ROYC75 09-11-2010 12:54 PM

He's real, sincere and honest.

I like NJ Gov. Christie's approach more, but both of them are capable of a WH run some day.

Calcountry 09-11-2010 01:56 PM

Quote:

Originally Posted by ROYC75 (Post 6993277)
He's real, sincere and honest.

I like NJ Gov. Christie's approach more, but both of them are capable of a WH run some day.

The Obama Girl just cant get THO's w/ Christie, so I don't think he has a chance of appealing to moderates.

BucEyedPea 09-11-2010 02:05 PM

Quote:

Originally Posted by Taco John (Post 6992661)
I would love to see a news reporter go into Kentucky and locate these 40-percenters and listen to how they rationalize their vote for Rand Paul despite what Maddow tried to slander him with.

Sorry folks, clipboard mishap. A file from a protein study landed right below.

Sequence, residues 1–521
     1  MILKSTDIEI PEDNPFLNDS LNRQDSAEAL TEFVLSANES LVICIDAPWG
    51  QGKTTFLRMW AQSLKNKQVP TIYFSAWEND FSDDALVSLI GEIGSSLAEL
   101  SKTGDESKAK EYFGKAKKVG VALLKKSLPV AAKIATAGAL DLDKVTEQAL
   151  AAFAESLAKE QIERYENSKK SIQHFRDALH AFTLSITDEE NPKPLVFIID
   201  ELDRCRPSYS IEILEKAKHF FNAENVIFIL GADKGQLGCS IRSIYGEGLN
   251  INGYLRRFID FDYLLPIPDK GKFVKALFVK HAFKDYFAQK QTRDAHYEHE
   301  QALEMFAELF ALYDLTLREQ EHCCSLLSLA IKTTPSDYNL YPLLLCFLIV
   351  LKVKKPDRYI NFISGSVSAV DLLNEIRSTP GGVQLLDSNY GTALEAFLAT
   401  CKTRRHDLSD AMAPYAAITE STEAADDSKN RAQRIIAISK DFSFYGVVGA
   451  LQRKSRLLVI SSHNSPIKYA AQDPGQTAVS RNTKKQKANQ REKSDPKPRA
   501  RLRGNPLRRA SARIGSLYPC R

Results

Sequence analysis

I can tell ya', the left is slandering him like crazy. They are so sk'eeeeeerd!

BucEyedPea 09-11-2010 02:06 PM

Quote:

Originally Posted by ROYC75 (Post 6993255)
Living here in KY, he is going to win in a landslide.

According to hard lefties, the margin is narrowing. :rolleyes:

BucEyedPea 09-11-2010 02:06 PM

Quote:

Originally Posted by InChiefsHell (Post 6992900)
That is very impressive...maybe CHANGE is indeed on the wind...

We need more than Rand, as well as pops, to stem the tide. But it's a start.

SNR 09-11-2010 02:47 PM

This is great to see. Will be interesting to see the debates that go on between Conway and Paul. The racism schtick didn't work for the national media; I doubt it will be very successful for Conway in debate.